Bethlehem To Continue To Offer Remote Meeting Option

Bethlehem selectmen are back to meeting in person - their first such meeting was Monday, after 15 months remote. But to maintain what has been a strong participation at meetings during the past year, they will use money from town's tech capital reserve fund to buy the equipment needed to offer a remote option for future meetings.

BETHLEHEM — Although town boards are resuming in-person meetings as the COVID-19 pandemic subsides, it won’t be entirely business as usual for one community.

If there was any upside that came out of the pandemic in Bethlehem it was greater participation at selectmen’s meetings.

Pre-pandemic, there might be a handful of residents showing up to town hall for a meeting.

Meetings during the pandemic, however, when selectmen met remotely via the Zoom teleconferencing platform, would sometimes draw a dozen or more residents, with many of them offering input.

Selectmen are hoping to keep it that way, by offering a remote option for all future meetings, including deliberative sessions.

Monday was the board’s first in-person meeting in 15 months, since March 2020, and during it they voted to expend money from the town’s tech capital reserve fund to buy the needed equipment.

“We are excited to be back,” said Board of Selectmen Chairman Gabe Boisseau.

He thanked town administrative assistant Tim Fleury and resident Harry Newell for Monday’s audio and video setup that allowed for a remote option through Zoom.

Two weeks ago, selectmen discussed the remote option and how it’s increased interest in selectmen’s meetings.

“A lot of people have been involved in the last 15 months, which has been great,” said Boisseau.

For the remote option, Newell has been lending the town his equipment.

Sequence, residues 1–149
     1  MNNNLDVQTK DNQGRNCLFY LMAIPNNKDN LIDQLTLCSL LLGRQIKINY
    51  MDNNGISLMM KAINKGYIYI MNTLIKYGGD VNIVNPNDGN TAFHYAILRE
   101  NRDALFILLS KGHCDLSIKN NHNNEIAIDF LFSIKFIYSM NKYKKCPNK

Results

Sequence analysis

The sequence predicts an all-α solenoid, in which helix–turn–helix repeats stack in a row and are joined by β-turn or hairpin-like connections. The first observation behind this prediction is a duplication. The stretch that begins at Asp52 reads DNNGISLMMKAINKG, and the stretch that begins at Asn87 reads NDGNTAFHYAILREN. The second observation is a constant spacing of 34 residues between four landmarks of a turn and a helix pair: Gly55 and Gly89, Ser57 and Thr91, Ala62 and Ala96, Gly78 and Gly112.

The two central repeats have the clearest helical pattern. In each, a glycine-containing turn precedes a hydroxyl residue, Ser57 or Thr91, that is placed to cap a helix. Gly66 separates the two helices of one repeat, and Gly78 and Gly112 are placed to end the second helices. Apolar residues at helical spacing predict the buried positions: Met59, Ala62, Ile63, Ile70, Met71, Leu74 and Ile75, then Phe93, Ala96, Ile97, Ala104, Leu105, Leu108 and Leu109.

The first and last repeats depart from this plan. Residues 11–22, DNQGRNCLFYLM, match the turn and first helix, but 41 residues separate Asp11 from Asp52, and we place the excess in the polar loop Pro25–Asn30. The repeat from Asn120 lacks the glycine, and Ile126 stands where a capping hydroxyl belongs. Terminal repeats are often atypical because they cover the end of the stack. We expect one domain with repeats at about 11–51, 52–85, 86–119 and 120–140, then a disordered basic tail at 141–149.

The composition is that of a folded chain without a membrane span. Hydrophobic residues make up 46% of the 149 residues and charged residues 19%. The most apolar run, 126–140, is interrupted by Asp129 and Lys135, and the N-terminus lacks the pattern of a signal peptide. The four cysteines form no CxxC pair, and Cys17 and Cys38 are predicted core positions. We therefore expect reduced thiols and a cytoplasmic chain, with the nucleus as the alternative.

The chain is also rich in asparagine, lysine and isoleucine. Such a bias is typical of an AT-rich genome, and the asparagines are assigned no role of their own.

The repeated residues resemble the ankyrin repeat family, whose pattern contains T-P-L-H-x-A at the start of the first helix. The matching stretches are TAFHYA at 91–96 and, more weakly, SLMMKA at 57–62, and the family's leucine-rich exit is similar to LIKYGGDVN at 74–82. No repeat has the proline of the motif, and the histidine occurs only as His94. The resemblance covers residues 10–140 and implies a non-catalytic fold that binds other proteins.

The capital reserve fund expenditure will allow the town to purchase its own equipment, such as cameras, wall mounts, switches, microphones, cables, and TV tripods

“What that does is replace the jumble of wires … with one small box that allows us to feed into Zoom with different cameras that we’re borrowing from Harry right now,” said Fleury. “The town would purchase their own cameras, replace the projector with just a monitor and speakers. You can see everybody on the Zoom meetings and they can talk to everybody up here.”

A microphone will pick up voices without having to stand close to it.

The town would need a 24-inch monitor for the desk, like a TV control room with a camera 1 and camera 2, for instance, so when selectmen are speaking they will be on a feed for one camera and when someone else is at the microphone speaking they will be on another camera feed, said Fleury.

“That was the best practice in doing all the research,’ he said. “When you’re participating remotely, you get the full effect of seeing the board and seeing who’s speaking.”

The system will be available to all town boards and can be used at deliberative sessions, he said.

“I think it’s a great idea,” said Selectman Mary Moritz. “I think it’s really important.”

“Outside the whole COVID thing, we hope to get more participation from people who can’t get here,” said Selectman Linda Moore. “They have an option to participate.”

The system will look neat and tidy when it’s installed, said Fleury.

One resident, attending remotely, was pleased with how Monday’s meeting went.

“I figured somebody should test this out from the other side,” said Veronica Morris. “I have to say from my side, when people are coming to the microphone, it’s really, really great. If this expenditure allows us to duplicate what we’re getting with Harry’s equipment, that will be terrific.”

Boisseau made an initial motion for the board to expend $2,163,56 from the tech capital reserve fund.

Selectman Bruce Caplain said the additional monitor would need to be added to that amount.

The board voted 5-0 to remove the specific dollar amount and authorized the monetary expenditure to purchase equipment for remote meetings.

Although selectmen came into Monday’s meeting wearing masks, they soon took them off.

“The current CDC [U.S. Centers for Disease Control] recommendations are if you’re vaccinated then there is no need for wearing masks indoors,” said Boisseau. “At this point, I’m fine as a board member with making it optional. If they want to wear a mask they can. If they don’t want to, they don’t have to.”

Selectmen agreed.

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